Blackie had an easy laugh that undoubtedly had enchanted more than one young woman. “Oh yeah, well, Rhonda, she graduated.”  The tips of his ears turned pink.  He pointed to the man in the uniform. “That’s my older brother, Al.  He was killed in Korea.  And this guy here, with Rhonda, is Charlie Pierce. Everyone called him Chip.  He was Rhonda’s first husband. He lost a leg in a motorcycle accident.” Blackie shook his head.  “He got hooked on drugs because of it. Rhonda got into her line of work to support his habit. But he overdosed. She really loved the guy.” Blackie cleared his throat of the burr of emotion that had crept in.  “This place in the picture was a garage where we hung out and worked on our bikes. Tommy Perro, this guy here.” He pointed to a short muscular man, cigarette jutting jauntily from the corner of his mouth.  “He’s the one who painted the sign over the door.  We never called it that.  It was always ‘the place’ or ‘the box’.”

Blackies club12JJ had told me a little about Blackie when I had once asked about the good-looking old guy hosing down the sidewalk in front of the office.  She had made some lame joke like ‘Blackie Widower’ but I also learned that his wife, Arlene, had run the antique store while Blackie puttered around in the workshop.  After his wife died, he had kept the business open in her memory.  It had always been called Blackie’s Antiques and Motorcycle Repair Shop.  That had been Arlene’s idea. She thought that the unusual name would bring in the curious. It did, but, according to JJ, the curious just like to look, they rarely buy anything.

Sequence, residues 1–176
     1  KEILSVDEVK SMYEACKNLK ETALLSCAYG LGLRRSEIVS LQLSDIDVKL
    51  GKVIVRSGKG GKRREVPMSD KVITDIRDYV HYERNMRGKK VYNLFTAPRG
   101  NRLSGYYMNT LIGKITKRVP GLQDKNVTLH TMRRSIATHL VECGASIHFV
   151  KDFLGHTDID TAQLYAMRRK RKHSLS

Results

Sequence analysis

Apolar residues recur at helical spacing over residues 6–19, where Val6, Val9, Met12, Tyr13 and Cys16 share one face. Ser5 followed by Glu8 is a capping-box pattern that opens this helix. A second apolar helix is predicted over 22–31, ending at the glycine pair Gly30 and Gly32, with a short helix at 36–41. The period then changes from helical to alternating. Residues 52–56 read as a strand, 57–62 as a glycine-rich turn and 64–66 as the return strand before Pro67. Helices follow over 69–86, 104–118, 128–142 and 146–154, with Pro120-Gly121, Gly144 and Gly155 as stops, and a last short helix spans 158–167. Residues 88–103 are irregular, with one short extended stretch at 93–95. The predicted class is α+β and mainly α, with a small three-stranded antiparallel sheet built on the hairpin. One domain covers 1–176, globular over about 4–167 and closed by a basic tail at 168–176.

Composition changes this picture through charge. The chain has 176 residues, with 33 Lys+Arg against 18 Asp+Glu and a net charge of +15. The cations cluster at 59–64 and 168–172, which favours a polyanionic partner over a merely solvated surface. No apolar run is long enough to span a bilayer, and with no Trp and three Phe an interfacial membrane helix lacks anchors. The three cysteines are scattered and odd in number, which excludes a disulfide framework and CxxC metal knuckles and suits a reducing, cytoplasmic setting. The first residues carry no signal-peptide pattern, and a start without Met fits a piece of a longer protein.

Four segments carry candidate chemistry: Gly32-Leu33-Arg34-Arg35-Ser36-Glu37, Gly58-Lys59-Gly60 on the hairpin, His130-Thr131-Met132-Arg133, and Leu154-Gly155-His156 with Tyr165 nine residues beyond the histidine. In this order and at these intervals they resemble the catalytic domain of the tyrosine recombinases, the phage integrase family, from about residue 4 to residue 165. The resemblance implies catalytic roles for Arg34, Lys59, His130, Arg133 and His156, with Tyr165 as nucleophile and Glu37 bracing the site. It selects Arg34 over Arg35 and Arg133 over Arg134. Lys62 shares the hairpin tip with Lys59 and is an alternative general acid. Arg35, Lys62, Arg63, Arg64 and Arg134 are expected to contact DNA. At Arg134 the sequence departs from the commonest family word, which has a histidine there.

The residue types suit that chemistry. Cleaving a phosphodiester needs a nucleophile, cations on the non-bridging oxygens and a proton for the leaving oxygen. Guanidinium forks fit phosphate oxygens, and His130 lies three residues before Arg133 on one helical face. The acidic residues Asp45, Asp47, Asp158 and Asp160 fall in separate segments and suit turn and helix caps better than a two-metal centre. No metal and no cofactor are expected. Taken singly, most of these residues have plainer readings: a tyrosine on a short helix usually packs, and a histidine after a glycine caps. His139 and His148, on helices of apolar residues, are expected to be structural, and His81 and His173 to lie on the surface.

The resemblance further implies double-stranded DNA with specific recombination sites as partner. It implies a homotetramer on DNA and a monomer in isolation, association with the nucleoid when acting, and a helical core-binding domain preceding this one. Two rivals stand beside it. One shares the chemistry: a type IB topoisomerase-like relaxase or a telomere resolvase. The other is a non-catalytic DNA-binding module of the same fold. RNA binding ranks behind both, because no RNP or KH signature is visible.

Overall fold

“How old are you in this picture?” I pointed to the one with him astride a big motorcycle.  He didn’t look older than seventeen.

Blackie gave a laugh that started as a groan, as if reaching that far back stretched some memory muscles he hadn’t used in a while.  “There?  I’d say about twenty.  Or close to it. I always looked young for my age.  I was being carded well into my thirties.  How old do you think I am?  Now.”

I passed an appraising glance over his trim figure.  He looked solid enough though his leathery weathered face was creased with the erosion of age.  I imagined that it was the full head of hair, even shockingly white, that knocked the years off.   “Oh, sixty something.”

He nodded, smiling appreciatively at the graciousness of my guesstimate just as Mr. Coffee came to life, ejecting a stream of dark aromatic liquid into the carafe amidst a grumble of boiling water.

“How do you like yours?  Cream? Sugar?”

I told him sugar, no cream.  And I had guessed right, he took his black. The rain, as if cued by the coffee maker, started in earnest. It was a heavy rain and it banged on the metal storage shed out behind the shop and fell elsewhere with an earth-denting thud, etching itself onto the tiny dirt-smeared window that let in a skimping gray light. I brought the cup to my lips. I didn’t want to miss a word of what Blackie had to tell me.